Last week, new cyber security laws to tighten up Singapore’s defences against increasingly sophisticated cyber attacks were put up for public consultation. Among other things, they proposed requiring CII owners of 11 key sectors to report cyber security incidents and to share information with the authorities when ordered.
The draft Cybersecurity Bill also proposes to license cyber security service providers and practitioners, starting with those providing penetration testing and managed security operations centre services, reported Today Online.
The Bill confers power on CSA’s chief as Commissioner of Cybersecurity to investigate threats and incidents to ensure that essential services here are not disrupted in the event of a cyber attack. However, while the Bill gives clear authority to the Commissioner, it is important for everyone from organisations down to individuals to do their part in order for Singapore to be successful in dealing with cyberthreats.
Deputy Prime Minister of Singapore, Mr Teo said Singapore has become more resilient to major cyber attacks because of “certain things we’ve done in the government sector … but we must understand that in this field, things evolve very quickly”.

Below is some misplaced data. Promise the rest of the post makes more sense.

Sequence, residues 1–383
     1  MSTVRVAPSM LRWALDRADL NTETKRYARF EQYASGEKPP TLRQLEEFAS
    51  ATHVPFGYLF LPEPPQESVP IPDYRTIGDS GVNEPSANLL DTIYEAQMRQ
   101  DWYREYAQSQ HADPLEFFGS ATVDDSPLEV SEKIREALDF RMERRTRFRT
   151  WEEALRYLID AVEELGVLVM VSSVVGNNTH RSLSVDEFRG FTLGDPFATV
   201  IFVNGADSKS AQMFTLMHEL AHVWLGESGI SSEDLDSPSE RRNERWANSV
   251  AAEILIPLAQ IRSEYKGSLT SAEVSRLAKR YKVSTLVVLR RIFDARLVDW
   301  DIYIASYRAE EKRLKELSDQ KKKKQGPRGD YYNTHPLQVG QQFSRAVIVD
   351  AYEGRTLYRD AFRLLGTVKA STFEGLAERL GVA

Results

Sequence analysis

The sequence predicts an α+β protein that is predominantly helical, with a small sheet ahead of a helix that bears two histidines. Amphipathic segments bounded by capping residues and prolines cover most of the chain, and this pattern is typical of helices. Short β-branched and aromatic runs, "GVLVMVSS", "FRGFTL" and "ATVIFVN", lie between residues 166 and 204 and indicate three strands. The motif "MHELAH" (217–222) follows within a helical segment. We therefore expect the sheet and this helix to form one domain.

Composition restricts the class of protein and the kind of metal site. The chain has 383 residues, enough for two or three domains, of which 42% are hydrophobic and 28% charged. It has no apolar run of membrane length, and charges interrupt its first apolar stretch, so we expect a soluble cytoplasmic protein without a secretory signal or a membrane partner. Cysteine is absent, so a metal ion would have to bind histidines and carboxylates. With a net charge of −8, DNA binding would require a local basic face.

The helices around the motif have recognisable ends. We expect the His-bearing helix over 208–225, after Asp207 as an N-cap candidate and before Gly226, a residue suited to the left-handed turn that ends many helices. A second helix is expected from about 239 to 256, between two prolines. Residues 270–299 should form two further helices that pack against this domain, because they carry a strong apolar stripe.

He added: “So we may be ready today, but you got the Zeroday attack, which you may not even be aware of and comes up on you quite suddenly. So we must assume that we need both to prepare and protect ourselves against attacks, but we must also have a response capability if an attack does happen.”
Written by DFGR Research Team
DFGR is a specialist Recruitment & Executive Search firm that solely focuses in the Digital Forensics & Cyber Security, IT Risk, Intelligence Insights & Analytics and Corporate Investigations space.
Explore our live vacancies here.